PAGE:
the plant is a liana (i.e., a woody plant with a vine-like growth form)
  • Leaves
    Hairs on upper side of leaf blade
    the upper side of the leaf is not hairy, or has very few hairs
    Leaf blade base shape
    the base of the leaf blade is cuneate (wedge-shaped, tapers to the base with relatively straight, converging edges), or narrow
    Leaf blade edges
    the edge of the leaf blade has teeth
    Leaf blade edges (Acer)
    NA
    Leaf blade flatness
    the leaf is flat (planar) at the edges
    Leaf blade hairs
    the hairs on the leaf blade are different from the choices given
    Leaf blade scales
    there are no scales on the leaf blades
    Leaf blade shape
    • the leaf blade is elliptic (widest near the middle and tapering at both ends)
    • the leaf blade is oblong (rectangular but with rounded ends)
    Leaf blade texture
    • the leaf blade is coriaceous (has a firm, leathery texture)
    • the leaf blade is herbaceous (has a leafy texture)
    Leaf blade translucent dots
    there are no translucent dots on the leaf blade
    Leaf duration
    the leaves drop off in winter (or they wither but persist on the plant)
    Leaf lobe tips (Quercus)
    NA
    Leaf midrib glands
    the midrib of the leaf blade lacks glands on the upper surface
    Leaf stalk
    the leaves have leaf stalks
    Leaf stalk nectaries
    there are no nectaries on the leaf stalk
    Leaf teeth
    the leaf blade margin is serrate (with forward-pointing) or dentate (with outward-pointing) with medium-sized to coarse teeth
    Leaf teeth hairs (Carya)
    NA
    Leaf type
    the leaf blade is compound (i.e., made up of two or more discrete leaflets
    Leaves per node
    there is one leaf per node along the stem
    Specific leaf type
    the leaf is palmately compound with more than three leaflets
  • Place
    Habitat
    terrestrial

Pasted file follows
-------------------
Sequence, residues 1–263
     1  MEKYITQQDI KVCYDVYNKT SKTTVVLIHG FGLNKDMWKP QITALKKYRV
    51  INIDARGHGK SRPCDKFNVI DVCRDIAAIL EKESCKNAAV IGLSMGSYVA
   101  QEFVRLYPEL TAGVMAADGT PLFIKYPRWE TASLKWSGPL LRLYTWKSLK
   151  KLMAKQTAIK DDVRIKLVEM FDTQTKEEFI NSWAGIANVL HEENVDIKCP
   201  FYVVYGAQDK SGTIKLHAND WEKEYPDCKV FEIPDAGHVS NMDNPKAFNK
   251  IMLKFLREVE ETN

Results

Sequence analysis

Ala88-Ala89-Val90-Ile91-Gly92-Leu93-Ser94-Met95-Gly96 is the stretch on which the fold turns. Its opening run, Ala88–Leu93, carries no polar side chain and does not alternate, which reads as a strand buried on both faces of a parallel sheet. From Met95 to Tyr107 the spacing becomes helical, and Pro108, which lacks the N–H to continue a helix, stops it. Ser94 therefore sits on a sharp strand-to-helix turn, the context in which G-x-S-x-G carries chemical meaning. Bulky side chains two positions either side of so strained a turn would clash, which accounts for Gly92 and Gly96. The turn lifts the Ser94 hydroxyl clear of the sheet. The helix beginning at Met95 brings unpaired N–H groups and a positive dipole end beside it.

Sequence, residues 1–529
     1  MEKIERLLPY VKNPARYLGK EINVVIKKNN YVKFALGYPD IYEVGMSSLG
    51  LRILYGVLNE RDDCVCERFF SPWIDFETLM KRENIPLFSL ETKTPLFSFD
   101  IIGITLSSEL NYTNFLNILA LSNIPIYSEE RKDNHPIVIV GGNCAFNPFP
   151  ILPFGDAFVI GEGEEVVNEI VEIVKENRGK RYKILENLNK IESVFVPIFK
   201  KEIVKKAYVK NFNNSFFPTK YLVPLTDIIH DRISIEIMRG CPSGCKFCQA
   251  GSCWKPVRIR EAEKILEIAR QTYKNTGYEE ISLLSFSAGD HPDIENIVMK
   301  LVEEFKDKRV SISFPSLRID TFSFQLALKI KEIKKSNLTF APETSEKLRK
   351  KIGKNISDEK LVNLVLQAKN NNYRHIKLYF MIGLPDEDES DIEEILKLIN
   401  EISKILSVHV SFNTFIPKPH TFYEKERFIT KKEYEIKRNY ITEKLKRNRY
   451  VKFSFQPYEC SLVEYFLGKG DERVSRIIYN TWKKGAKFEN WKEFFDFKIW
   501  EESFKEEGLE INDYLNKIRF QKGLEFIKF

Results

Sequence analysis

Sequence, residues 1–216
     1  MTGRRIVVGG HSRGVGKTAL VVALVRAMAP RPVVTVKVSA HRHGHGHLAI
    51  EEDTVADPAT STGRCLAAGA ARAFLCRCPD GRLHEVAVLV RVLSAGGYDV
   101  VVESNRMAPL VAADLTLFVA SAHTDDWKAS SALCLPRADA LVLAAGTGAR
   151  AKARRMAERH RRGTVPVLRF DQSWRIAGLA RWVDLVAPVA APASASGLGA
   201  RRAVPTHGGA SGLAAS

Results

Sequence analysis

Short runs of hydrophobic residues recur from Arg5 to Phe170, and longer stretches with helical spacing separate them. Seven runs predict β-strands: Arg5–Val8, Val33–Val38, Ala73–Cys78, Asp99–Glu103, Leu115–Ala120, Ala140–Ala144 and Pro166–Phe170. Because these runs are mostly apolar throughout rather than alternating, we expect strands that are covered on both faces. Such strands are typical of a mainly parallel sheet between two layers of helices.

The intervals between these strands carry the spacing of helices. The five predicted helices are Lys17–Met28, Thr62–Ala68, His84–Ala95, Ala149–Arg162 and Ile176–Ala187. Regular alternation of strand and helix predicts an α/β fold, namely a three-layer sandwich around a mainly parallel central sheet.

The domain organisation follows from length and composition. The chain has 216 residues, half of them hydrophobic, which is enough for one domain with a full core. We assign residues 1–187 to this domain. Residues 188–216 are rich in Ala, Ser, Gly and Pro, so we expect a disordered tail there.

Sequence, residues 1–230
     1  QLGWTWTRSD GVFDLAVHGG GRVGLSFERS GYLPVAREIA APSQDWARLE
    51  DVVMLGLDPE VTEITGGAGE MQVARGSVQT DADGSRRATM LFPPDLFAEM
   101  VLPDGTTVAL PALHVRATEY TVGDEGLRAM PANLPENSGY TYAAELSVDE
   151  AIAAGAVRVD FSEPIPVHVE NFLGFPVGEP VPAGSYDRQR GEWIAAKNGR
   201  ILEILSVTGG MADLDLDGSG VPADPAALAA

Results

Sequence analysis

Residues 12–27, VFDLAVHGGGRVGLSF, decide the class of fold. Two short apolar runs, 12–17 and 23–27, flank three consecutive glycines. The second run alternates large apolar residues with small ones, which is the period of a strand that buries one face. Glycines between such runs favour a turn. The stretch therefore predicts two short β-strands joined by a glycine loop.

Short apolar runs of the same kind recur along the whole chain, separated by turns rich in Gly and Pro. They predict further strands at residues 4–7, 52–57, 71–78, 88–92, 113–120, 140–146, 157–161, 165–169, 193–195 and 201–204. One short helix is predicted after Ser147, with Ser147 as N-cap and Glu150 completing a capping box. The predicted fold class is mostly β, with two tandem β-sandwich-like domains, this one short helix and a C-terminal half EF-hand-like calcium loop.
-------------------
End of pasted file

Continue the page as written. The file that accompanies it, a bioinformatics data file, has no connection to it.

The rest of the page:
New England state
    • Connecticut
    • Maine
    • Massachusetts
    • New Hampshire
    • Rhode Island
    • Vermont
    Specific habitat
    • forests
    • man-made or disturbed habitats
    • shores of rivers or lakes
    • talus or rocky slopes
  • Scent
    Plant odor
    the plant does not have much of an odor, or it has an unpleasant or repellant odor
  • Stem, shoot, branch
    Aerial roots
    the plant has no aerial roots
    Bark texture
    the bark of an adult plant is thin and smooth
    Branch brittleness (willows only)
    NA
    Branch cross-section
    the branch is circular in cross-section, or it has five or more sides, so that there are no sharp angles
    First-year cane (Rubus)
    NA
    Lenticels on twigs
    there are clearly lenticels on the twigs
    Twig papillae (Vaccinium species only)
    NA
    Twig winter color
    • brown
    • gray
    Wings on branch
    the branch does not have wings on it
    armature on plant
    the plant does not have spines, prickles, or thorns

Wetland Status

Usually occurs in non-wetlands, but occasionally in wetlands. (Wetland indicator code: FACU)

New England Distribution and Conservation Status

Distribution

Connecticut
present
Maine
present
Massachusetts
present
New Hampshire
present
Rhode Island
present
Vermont
present

Conservation Status

None

Native to North America?

Yes

Sometimes Confused With

Parthenocissus quinquefolia

Synonyms

  • Ampelopsis quinquefolia (L.) Michx. var. vitacea Knerr
  • Parthenocissus vitacea (Knerr) A.S. Hitchc.
  • Psedera vitacea (Knerr) Greene

Family

Vitaceae

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Information from Dichotomous Key of Flora Novae Angliae

1.  Parthenocissus inserta (Kerner) Fritsch N

thicket-creeper. Ampelopsis quinquefolia (L.) Michx. var. vitacea Knerr; Parthenocissus vitacea (Knerr) A.S. Hitchc.; Psedera vitacea (Knerr) Greene • CT, MA, ME, NH, RI, VT. Forests, roadsides, river shores, talus slopes. The specific epithet “ vitacea” has been applied to this species by several authors; however, the epithet “ inserta” applies to this taxon and has priority (James Pringle, personal communication).